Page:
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To say New Jersey Transit’s board had a busy meting last month would be an understatement. Board members allocated funds for a corridor study and awarded contracts for several capital projects.
For starters, the board awarded a $6.4 million contract to Simpson & Brown Inc. to construct a pedestrian bridge spanning the east end of the Long Slip Canal adjacent to the Hudson-Bergen Light Rail station at Hoboken Terminal. Bridge construction will begin later this fall and conclude in spring 2009.
The board also approved a $1.7 million plan to improve Watsessing Station. Watertrol Inc. won a contract to restore the platform and canopy, mount new roof tiles, repair and replace metal fences and stairways, install new platform lighting, and treat concrete surfaces with “anti-graffiti protection,” according to a NJ Transit statement.
Meanwhile, board members awarded a $1.2 million contract to Systra Consulting Inc. to conduct a study to evaluate ways to increase the use of public transportation — specifically, “non-highway solutions” to reduce vehicular congestion on the I-78 and Raritan Valley corridors. Among them: the creation of new or expanded multimodal park-and-ride facilities, and a rail-service extension of the Raritan Valley Line. The federally funded study should be completed by 2008’s end.
Finally, the board approved a 10-year land lease to Notchwood L.L.C., which will develop and build a new Upper Montclair Station featuring a restaurant, public restrooms and waiting areas.
The 2,800-square-foot building, which will cost $850,000 to construct, will replace a structure that was damaged by a 2006 fire. Construction could start by the end of next year, NJ Transit said.
Last month, the Rhode Island Department of Transportation received $5.4 million in federal funding for Wickford Junction Station as part of the South County Commuter Rail project.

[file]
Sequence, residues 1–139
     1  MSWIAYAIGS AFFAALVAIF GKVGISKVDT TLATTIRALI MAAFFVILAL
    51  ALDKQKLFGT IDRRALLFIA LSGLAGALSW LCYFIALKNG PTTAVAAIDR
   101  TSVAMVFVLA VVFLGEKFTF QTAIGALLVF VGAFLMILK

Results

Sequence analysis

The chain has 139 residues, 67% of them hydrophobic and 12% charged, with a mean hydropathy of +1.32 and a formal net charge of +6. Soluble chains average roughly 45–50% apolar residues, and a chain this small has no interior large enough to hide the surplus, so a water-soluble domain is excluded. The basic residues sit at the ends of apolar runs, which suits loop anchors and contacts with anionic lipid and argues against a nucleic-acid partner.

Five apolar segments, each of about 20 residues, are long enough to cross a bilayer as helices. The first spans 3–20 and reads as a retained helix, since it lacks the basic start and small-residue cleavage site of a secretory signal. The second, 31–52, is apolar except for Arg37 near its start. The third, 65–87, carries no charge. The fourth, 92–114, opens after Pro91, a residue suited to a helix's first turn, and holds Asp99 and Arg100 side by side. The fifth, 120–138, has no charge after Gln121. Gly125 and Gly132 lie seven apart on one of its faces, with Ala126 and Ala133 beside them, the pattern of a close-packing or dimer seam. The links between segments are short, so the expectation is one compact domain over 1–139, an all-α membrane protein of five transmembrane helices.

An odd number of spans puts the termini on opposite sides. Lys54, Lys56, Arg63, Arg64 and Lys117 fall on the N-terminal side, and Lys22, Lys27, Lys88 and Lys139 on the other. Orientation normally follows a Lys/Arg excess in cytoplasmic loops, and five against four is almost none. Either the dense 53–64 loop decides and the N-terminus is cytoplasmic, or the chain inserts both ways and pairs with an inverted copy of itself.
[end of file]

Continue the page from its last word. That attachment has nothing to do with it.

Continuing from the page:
Specifically, the Rhode Island DOT will receive $2.45 million to purchase land for a transit parking garage and access easements at Wickford Junction; $1.85 million for project design and engineering work: and $1.2 million to purchase track.
“The need to expand commuter-rail service has become more and more essential as South County’s population has continued to grow,” said Sen. Jack Reed, (D-R.I.), a Senate Appropriations Committee member, in a prepared statement. “There isn’t a whole lot of room to build more roads, but we have the infrastructure in place to expand commuter rail and this money will help make it happen.”
The Rhode Island DOT also plans to extend Massachusetts Bay Transportation Authority’s commuter-rail service to North Kingstown.
Want to reduce traffic congestion and the associated lost productivity time? Cut back on energy consumption? Improve the quality of life? Try making a national commitment to improving all modes of transportation, suggests the American Public Transportation Association (APTA) in response to conclusions of a report released last month.
Issued by the Texas Transportation Institute (TTI), “The 2007 Urban Mobility Report” clearly demonstrates that “public transportation stands out as a proven strategy that helps alleviate traffic congestion and saves energy,” according to an APTA press release.
In the 437 urban areas studied in 2005, public transportation saved 541 million hours in travel time and reduced fuel usage by 340 million gallons, APTA says, citing the report. Without public transportation, congestion costs would have been $10.2 billion more in that year. And in the largest urban areas, where transit is most available and used, the savings are the greatest, demonstrating the value of public transportation investment, the report concludes.
“Unfortunately, public transportation is not readily available in all regions of the country,” said APTA President William Millar. “Only 53 percent of Americans say they have access to any public transportation.”
Dallas Area Rapid Transit (DART) officials believe transit options should be expanded in cities that currently aren’t served by a transit authority, said Dallas Area Rapid Transit President and Executive Director Gary Thomas.
“Ours is the second-fastest growing region in the country, and much of our growth is in those unserved areas,” he said.
In short: A national commitment to improve all modes of transportation is needed, Millar said.
So is a commitment to fund public transit at the state and national levels, said Los Angeles County Metropolitan Transportation Authority Chief Executive Officer Roger Snoble, who hailed the report as a “strong validation of the multi-pronged approach” the agency has taken to relieve traffic congestion in the county.
“Hopefully, lawmakers in Sacramento and Washington will be jarred into action by the congestion report, recognize the economic toll traffic takes and how investment in operational improvements and public transportation ... can and is making a substantial difference in Los Angeles County,” he said.